Apple’s Vision Pro is about a better today rather than a shinier tomorrow
Apple’s long anticipated VR move finally saw daylight in the shape of Vision Pro. What is particularly interesting about the launch and its subsequent coverage is that the conversation is more about what Vision Pro enables rather than what it actually is. Apple has successfully engineered a hardware launch into a services and experiences narrative. All this, without too much at all in the way of actual new services. No mean feat. A sharp contrast with product launches for iPhone and Apple Watch, despite both devices operating within the same services ecosystem. Apple has been able to achieve this because it at least appears to have used Vision Pro to take today’s suite of services and experiences to a new level, much like iPod transformed music consumption and iPhone reinvented our wider digital lives. Claiming the legacy of those previous innovations, Vision Pro is staking its claim as a new way to experience today’s world, with the promise of facilitating an entirely new paradigm thereafter – again, just like those previous devices.
On the surface, the Vision Pro narrative might feel simply like a riff on Meta’s VR strategy, but the differences are foundational. Meta’s VR move is bold and uncompromising. It is founded on the metaverse: a promise of an entirely new world, so transformational that the company even renamed itself after it. It is an exciting, North Star vision, but it is also a future that is distant and far from front-of-mind for mainstream consumers. Apple ensured it dropped plenty of hints that it too wants in on that brave new world (as illustrated by the VR experience in Disney’s sizzle reel), but the metaverse was limited to a supporting role in the Vision Pro show. The star was today, not tomorrow.
Apple presented how Vision Pro enables consumers to experience today’s digital world in a new environment, whether that be apps, browsing the web, watching movies or playing games. Of course, Apple emphasised how all of those are enhanced by being experienced in an immersive virtual environment, but it was crucially a representation of the familiar in new surroundings. Why? Because Apple has its eyes on the mainstream adoption of a new(ish) product category. Apple’s M.O. is that of an early follower, innovating rather than inventing. Its history is defined by making moves only when a new product category is deemed ready for primetime, letting others bleed out on the bleeding edge of new tech.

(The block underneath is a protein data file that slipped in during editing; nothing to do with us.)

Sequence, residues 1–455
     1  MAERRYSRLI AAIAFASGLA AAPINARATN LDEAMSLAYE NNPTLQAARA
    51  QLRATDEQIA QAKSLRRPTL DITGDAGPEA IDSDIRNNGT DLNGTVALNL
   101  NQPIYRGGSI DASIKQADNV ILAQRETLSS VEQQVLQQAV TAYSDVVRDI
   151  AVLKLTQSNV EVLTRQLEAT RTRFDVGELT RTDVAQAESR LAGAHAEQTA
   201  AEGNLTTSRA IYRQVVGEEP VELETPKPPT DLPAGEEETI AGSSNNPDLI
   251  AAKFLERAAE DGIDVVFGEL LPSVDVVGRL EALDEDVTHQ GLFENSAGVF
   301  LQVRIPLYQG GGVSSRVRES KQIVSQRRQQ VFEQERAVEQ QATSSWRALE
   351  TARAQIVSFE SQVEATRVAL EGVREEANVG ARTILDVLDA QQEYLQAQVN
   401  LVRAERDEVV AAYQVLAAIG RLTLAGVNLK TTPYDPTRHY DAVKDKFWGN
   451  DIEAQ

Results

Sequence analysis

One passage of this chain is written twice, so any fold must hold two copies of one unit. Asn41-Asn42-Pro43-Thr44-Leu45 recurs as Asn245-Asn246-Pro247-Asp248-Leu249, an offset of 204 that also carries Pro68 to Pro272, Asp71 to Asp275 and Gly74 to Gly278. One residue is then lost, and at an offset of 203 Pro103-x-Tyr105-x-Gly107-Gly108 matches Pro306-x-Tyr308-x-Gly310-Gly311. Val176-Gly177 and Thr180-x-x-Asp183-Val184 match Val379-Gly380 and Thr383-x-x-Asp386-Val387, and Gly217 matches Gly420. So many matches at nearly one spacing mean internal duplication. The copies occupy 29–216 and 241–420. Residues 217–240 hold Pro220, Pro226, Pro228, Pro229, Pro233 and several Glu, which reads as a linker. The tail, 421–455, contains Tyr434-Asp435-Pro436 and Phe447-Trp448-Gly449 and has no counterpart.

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XR (i.e., VR and AR) may not yet be at that primetime point. Currently only 4% of consumers own a VR headset, up just one percentage point from 3% in Q3 2021. But Apple has priced version one of Vision Pro so high ($3,449 – which reflects high component costs and no doubt will help recoup some of those vast R+D costs) that it will effectively constrain uptake to its early adopter elite. So, by the time the more affordable versions two and three come to market, primetime will have arrived. At least that is what Apple is likely planning on.
One element that may represent the linking piece between today and tomorrow was FaceTime. Although there was not a huge amount in terms new features (the slightly unsettling avatars aside), FaceTime has the potential to develop a new purpose and relevance in an XR environment, making the connections with other people more vital, more meaningful. This is, of course, the overlapping segment part of the Ven diagram of Apple’s and Meta’s VR strategies – and it is no coincidence that it is such a big bet for both companies. Communication and connection underpinned many of the modern world’s biggest technology shifts (the internet, smartphones, social media, video calls) and it will likely be the use case that ushers XR into the mainstream. If Apple manages to be at the centre of this, it may end up transforming FaceTime from a useful smartphone app into the foundational architecture of a metaverse-era social network. But it will get there by starting off with a newer version of today.